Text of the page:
I wonder how the left would respond if, after ensuring that the rich pay 35% on everything, these evil rich people yanked their cash out of the market and sold their bonds to China.

  5. Matt, I just want to be clear. Those CBO numbers for effective tax rates include capital gains and dividends as income.

    I corrected an HTML error that obscured the link to the CBO paper I cited. It's just above where I showed the number and put a blue box around the 2011 figures.

    I'm not saying that people are purposely lying, I'm saying the statement that are repeating is a lie. I have no problem giving people the benefit of the doubt and believing they are just wrong.

  6. I see, so those numbers are in the aggregate. It doesn't completely answer the left's (admittedly poor) argument however. They made a faulty argument because it based on an anecdote, a single case, and not the average over the population. You countered with overall statistics, which are certainly more useful. But the left's counter-argument would be to point out that you were lying and point back to some example of a millionaire who pays 15%.

    I think you need to better clarify that the left's argument isn't bad because they are lying, or trying to mislead. It's because they are using useless anecdotes to prove their view. The right does the same thing with the Cadillac-driving-welfare-mom, and people buying lobsters with food stamps. You did a similar thing, using the puppet-master the other day. The end result is the same, both sides talk past each other, both calling each other liars.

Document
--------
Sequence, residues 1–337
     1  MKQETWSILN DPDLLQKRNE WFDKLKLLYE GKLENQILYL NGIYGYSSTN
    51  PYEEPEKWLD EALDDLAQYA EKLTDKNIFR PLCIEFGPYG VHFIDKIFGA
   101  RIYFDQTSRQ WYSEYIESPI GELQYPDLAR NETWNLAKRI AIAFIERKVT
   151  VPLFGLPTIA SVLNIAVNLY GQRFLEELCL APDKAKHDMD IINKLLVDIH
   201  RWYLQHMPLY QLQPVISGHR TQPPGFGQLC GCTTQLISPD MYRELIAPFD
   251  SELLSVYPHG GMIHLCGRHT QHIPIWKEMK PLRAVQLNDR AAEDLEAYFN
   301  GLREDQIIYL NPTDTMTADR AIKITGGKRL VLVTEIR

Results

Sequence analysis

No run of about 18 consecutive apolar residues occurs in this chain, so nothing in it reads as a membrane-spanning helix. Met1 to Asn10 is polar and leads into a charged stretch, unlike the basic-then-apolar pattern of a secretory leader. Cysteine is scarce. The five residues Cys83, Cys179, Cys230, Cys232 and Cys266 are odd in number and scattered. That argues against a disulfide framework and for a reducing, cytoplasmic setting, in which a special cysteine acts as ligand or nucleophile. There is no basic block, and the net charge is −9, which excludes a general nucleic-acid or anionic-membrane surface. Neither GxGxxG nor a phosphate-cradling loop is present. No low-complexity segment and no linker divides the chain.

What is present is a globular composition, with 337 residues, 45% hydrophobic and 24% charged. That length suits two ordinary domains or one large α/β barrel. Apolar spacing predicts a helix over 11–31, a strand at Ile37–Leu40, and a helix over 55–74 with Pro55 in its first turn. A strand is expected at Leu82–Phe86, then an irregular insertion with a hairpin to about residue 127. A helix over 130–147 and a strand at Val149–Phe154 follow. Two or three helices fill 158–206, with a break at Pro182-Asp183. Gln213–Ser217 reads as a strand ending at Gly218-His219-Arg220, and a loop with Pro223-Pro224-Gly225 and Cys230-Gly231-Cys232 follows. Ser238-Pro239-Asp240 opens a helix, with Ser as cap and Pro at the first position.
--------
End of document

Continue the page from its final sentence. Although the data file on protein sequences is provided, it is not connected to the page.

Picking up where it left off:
I think your post could be improved if instead of focusing on words like 'lying', you lay out why the left's use of a single (and unsubstantiated) case is incorrect and more importantly why the tax status of a single person isn't all that important.

  7. Matt, I agree with you a lot. I've been making the same comparison to welfare queens as cherry picking and emotional arguments.

    I do want to clarify that the puppet master post was about how I'm against picking out atypical examples and holding them up to tar the would group, but in this case I will make fun of this individual because it was The Nation magazine that held him up as an example. They chose him as an example, and I made fun of him because, c'mon, PUPPETS!